"Whatcha got there?" Aunt Billie set her cup of coffee down and pushed her glasses from her forehead to rest on her nose so she could peer at our papers. "That’s nice, now, isn’t it?" She’s diplomatic, Aunt Billie. I have to interject a few words about Aunt Billie here. She put me in my place smartly a few weeks ago, and I’m a little more careful around her now, much as I love her. She overheard Kenny and me teasing younger Joe. One of us called him Dummy and the other one repeated it to reinforce the sentiment. I don’t remember which one of us started it, but Aunt Billie grabbed Kenny and me by the arm as we scooted past, stopping us in our tracks, and told us she didn’t ever want to hear us call anyone names again. It appears that one has to be really careful what one calls someone else, because I keep getting messages to this effect. "Knucklehead" seems to be okay, but "Dummy," "Stupid" and "Nigger" apparently are not. So there you go. Some day I will learn that this is how one shows respect to those we associate with, but right now I’m still learning.
"It’s money, so Midge can buy her own horse," Kenny explained. I didn’t think it needed any explanation. "We can make more if you don’t think it’s enough."
The ladies looked at each other with a funny brightness in their eyes and my mother broke the news to us, looking like she was trying to keep from laughing. "You know, of course, that making your own money is illegal. Only the government can make money that anyone can use to buy things. People get sent to jail for making money that the government didn’t authorize. It’s called counterfeit because it isn’t real money."
Well blow me over with a straw. How were we supposed to know that?
Three discouraged kids left the house to see what else we could do. We went into the vacant lot over one block that backs up to the Piggly Wiggly grocery store and Woolworth’s. Across the lot on the farthest side were, wonder of wonders, two horses, saddles on, bridle reins tied to the small trees bordering the lot. And no one was around. They were there just waiting for us! Three kids, ages seven, six and five, raced across the field. We got to the horses, Kenny working to untie the knotted reins and Joe and I trying to figure out how we could reach the stirrups to climb on. The horses were much bigger up close than they looked from a block away, and the bottom of the stirrup came to about my eyebrows. As we tackled this problem with high optimism, a man came around the corner of the store and yelled at us. "Hey, you kids. Get away from those horses! They aren’t yours!" Man, oh man, people sure do tend to get excited about kids who are just making the most of opportunity sitting smack in front of them. We weren’t going to hurt the horses; we just wanted to take them for a little ride, maybe gallop around town for a while shooting off our cap guns. What knucklehead makes up all these stupid rules, anyway?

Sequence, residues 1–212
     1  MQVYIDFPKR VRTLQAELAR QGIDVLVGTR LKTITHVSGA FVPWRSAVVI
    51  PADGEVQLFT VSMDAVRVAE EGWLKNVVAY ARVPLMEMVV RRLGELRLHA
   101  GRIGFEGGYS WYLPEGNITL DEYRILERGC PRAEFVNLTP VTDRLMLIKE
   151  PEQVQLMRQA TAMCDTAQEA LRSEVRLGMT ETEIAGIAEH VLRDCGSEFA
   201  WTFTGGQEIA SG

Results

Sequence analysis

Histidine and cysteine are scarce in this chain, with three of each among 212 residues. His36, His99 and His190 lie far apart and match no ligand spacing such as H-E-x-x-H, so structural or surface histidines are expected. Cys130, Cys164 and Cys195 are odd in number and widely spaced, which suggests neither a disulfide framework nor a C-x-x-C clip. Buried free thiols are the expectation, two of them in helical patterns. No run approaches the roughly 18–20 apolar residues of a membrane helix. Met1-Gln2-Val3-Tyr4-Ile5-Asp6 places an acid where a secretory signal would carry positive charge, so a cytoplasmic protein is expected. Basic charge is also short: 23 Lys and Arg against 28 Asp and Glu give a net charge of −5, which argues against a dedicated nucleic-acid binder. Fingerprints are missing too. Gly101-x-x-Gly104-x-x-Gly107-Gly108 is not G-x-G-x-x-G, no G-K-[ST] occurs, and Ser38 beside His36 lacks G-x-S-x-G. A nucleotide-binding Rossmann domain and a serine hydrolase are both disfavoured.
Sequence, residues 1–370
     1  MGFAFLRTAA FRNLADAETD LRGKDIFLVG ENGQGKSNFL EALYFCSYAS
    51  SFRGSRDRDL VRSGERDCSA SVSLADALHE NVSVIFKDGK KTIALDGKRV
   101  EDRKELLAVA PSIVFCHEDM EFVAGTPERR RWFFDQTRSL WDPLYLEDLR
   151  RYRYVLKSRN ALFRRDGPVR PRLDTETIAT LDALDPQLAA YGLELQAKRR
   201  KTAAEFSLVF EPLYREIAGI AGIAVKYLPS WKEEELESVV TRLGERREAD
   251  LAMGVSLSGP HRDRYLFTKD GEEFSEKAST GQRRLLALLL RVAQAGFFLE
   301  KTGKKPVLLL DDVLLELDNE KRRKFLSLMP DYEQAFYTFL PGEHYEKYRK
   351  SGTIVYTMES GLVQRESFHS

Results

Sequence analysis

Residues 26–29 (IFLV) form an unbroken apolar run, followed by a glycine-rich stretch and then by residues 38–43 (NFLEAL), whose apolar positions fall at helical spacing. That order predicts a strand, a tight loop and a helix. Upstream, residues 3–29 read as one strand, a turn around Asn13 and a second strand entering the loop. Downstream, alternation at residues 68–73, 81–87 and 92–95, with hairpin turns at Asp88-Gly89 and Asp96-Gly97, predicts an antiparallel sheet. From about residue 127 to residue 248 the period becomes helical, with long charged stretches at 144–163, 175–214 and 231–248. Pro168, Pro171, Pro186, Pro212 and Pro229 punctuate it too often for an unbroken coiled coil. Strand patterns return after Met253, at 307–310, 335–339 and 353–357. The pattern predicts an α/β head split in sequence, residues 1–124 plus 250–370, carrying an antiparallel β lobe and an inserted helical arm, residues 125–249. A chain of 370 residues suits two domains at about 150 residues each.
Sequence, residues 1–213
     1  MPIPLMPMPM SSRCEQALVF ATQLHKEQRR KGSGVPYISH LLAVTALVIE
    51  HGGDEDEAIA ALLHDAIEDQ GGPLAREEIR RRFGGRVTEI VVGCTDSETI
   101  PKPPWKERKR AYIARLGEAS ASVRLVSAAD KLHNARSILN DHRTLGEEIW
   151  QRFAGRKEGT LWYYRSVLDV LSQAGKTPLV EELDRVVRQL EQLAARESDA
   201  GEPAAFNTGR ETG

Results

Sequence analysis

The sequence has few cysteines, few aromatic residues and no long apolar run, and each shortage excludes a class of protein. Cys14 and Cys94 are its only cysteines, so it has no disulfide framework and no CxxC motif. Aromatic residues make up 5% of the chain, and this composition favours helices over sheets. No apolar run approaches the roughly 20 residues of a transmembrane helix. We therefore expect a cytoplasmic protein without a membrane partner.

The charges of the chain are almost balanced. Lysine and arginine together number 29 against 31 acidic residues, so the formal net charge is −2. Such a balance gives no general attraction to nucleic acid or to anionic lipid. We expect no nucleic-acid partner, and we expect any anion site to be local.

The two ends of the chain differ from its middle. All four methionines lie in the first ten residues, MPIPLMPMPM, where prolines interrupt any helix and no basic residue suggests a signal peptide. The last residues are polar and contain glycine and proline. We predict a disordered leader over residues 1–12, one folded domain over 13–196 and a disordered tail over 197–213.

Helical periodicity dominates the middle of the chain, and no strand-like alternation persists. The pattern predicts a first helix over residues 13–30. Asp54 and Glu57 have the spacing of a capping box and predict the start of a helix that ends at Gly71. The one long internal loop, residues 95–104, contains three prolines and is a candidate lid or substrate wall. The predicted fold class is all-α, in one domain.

That was yesterday. Today I light up as Daddy pulls into the driveway. I leap off the front step into his arms for hugs and kisses and to check on my piece of the biggest paper in the world. He didn’t forget. From the trunk he pulls out a beautiful untouched sheet of giant snowy-white paper.